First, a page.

The petitioner, Samson T. Dada, an immigrant from Nigeria, was married to an American citizen in 1999.  However, without adequate proof of marriage, the Department of Homeland Security alleged that he had overstayed his temporary immigrant visa and ordered his deportation.  An Immigration Judge granted Dada's request to voluntarily leave the country within 30 days, a decision that the Board of Immigration Appeals (BIA) affirmed.  However, two days before he was supposed to leave, Dada found conclusive proof of his marriage, withdrew his request for voluntary departure and filed a motion to reopen his removal proceedings.  The BIA denied his request, claiming that Dada had failed to depart the U.S. within the allotted time period (while ignoring Dada's withdrawal of his request to voluntarily leave).  The Fifth Circuit affirmed the BIA's decision.

Dada filed a writ of certiorari in the Supreme Court on the grounds that the Fifth Circuit Court decision contradicted other Circuit Courts that found immigrants should be able to file motions to reopen their cases, and found that their decisions to file should override their previous decision to voluntarily leave the U.S.

The Supreme Court ultimately ruled in favor of Dada, finding that immigrants must be allowed an opportunity to withdraw their request for voluntary departure (as long as they do so before the end of their allotted departure period).  

In addition, the Court articulated the inefficiencies and complications in the immigration process - Justice Kennedy said in his majority opinion:

A more expeditious solution to the untenable conflict between the voluntary departure scheme and the motion to reopen might be to permit an alien who has departed the United States to pursue a motion to reopen post departure, much as Congress has permitted with respect to judicial review of a removal order.

Much of The Opportunity Agenda's work to promote opportunity for all has been related to immigration reform.  Immigration Reform: Promoting Opportunity for All discusses the discrimination that immigrants face every day as they are treated as unequal members of society:
True opportunity requires that we all have equal access to the benefits, burdens, and responsibilities of our society. In order to fully contribute and participate in society, immigrants and the native born alike should be treated equally regardless of race, gender, religion, country of origin, and other aspects of what they look like and where they come from.  But too often immigrants are treated unfairly.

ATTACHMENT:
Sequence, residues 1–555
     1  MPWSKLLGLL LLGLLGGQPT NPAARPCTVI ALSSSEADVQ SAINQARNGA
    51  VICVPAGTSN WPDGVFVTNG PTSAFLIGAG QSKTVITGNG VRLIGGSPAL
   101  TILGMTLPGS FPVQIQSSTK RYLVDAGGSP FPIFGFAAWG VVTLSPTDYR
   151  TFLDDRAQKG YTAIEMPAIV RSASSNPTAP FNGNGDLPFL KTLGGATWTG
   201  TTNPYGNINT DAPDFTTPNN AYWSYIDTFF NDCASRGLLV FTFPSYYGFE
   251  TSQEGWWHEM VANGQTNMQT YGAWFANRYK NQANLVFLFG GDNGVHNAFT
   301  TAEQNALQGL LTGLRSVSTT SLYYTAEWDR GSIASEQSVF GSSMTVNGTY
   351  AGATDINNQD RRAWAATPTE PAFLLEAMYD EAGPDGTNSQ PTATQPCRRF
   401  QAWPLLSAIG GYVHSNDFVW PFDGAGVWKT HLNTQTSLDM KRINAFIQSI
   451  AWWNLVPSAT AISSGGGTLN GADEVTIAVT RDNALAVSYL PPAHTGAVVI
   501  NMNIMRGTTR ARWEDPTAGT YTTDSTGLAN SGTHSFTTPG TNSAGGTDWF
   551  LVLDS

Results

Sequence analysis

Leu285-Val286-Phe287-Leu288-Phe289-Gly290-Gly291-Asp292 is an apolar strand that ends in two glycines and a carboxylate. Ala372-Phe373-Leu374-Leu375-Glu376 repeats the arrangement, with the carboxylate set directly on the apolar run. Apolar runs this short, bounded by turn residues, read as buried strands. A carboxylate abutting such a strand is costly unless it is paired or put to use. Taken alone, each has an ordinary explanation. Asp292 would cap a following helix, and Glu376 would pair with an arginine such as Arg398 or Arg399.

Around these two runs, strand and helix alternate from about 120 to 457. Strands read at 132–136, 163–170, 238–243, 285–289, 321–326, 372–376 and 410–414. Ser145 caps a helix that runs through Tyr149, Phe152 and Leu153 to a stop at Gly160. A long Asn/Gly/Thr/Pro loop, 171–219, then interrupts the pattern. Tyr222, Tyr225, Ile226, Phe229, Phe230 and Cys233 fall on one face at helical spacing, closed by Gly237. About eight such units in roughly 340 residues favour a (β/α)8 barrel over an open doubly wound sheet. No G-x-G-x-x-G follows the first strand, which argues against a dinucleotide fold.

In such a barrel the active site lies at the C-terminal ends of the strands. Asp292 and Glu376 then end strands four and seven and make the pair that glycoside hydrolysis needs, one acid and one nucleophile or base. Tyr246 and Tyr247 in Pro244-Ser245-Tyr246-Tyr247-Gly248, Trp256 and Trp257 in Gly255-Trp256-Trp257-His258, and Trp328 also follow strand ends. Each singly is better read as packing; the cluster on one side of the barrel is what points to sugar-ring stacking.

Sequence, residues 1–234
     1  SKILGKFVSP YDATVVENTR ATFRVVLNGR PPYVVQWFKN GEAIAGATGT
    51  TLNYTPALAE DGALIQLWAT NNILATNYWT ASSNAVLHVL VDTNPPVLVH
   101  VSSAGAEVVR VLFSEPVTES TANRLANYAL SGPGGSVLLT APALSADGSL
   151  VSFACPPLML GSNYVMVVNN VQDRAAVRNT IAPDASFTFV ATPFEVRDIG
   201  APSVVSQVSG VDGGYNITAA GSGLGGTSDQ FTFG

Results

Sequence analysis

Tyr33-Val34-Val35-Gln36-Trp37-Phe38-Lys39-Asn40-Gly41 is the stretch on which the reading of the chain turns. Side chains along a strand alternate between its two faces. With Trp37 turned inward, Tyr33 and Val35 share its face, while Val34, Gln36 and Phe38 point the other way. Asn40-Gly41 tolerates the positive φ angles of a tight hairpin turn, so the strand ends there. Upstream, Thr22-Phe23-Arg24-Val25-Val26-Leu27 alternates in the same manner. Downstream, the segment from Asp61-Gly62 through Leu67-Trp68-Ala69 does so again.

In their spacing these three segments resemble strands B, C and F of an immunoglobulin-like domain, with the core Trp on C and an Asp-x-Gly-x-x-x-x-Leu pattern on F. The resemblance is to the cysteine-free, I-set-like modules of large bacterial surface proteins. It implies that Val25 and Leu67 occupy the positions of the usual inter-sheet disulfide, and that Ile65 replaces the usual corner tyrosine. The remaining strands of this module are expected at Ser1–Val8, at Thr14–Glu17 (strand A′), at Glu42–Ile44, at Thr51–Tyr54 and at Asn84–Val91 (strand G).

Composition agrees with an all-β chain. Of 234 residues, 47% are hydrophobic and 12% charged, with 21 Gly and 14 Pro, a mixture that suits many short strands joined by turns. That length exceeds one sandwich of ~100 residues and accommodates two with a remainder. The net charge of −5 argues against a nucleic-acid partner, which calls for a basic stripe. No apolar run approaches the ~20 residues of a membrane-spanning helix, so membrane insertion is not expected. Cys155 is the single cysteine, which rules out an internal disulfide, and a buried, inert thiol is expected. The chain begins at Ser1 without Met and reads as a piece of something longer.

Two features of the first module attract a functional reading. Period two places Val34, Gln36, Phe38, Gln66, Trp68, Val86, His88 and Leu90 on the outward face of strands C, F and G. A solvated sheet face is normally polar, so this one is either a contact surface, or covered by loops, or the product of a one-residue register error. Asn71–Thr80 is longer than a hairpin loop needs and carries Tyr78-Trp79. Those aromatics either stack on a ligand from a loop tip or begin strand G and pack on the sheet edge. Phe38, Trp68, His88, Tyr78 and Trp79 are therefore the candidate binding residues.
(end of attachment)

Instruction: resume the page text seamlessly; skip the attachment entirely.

The document also emphasizes the importance of immigrants' roles in strengthening communities across America:
American communities are strengthened by immigrants from all over the world. Newcomers' economic contributions are immense, while their cultural and personal contributions improve all aspects of American life.

The Dada case addresses the importance of allowing immigrants to be full and equal members of American society.  Without having access to proper legal services, and with relentless discrimination from Courts, immigrants will continue to face barriers to achieving their full potential.

Many people have joined The Opportunity Agenda in calling for reform of the immigration process.   One of these individuals is the Seventh Circuit Judge Richard Posner - he described the U.S. immigration court system as "inadequate" and "ill-trained" in an article in The National Law Journal.

If even an established and admired judge in the U.S. is making such harsh criticisms of the immigration court system and the extent of legal remedies immigrants can seek, then it is clear it is time for the system to be reformed.  This reform cannot come fast enough; until it does, there will be more and more individuals trying to fight their way through an unjust system.

Any reform might be too late for Dada - while the Supreme Court ruled that Dada was able to withdraw his request for voluntary departure, the Court did not grant his request to reopen his removal proceedings (it remanded the case back to the lower court).  The BIA could still choose to deport him.  While Dada's case brought a victory for many U.S. immigrants, it has not yet brought him the legal right to remain in the U.S.

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Free Market Values

With the lame duck 109th Congress exiting shortly (and with the hope that it will uphold its do-nothing reputation to the bitter end so as not to cause yet more harm to the Constitution and citizens), both the House and Senate are preparing their legislative agendas, and the 2008 presidential hopefuls (you know who you are) are beginning to stake out issues and platforms to try out on the road.

Health care will be back with a vengeance, and so before the fur and snow flies, here are a few foundational principles upon which to chew.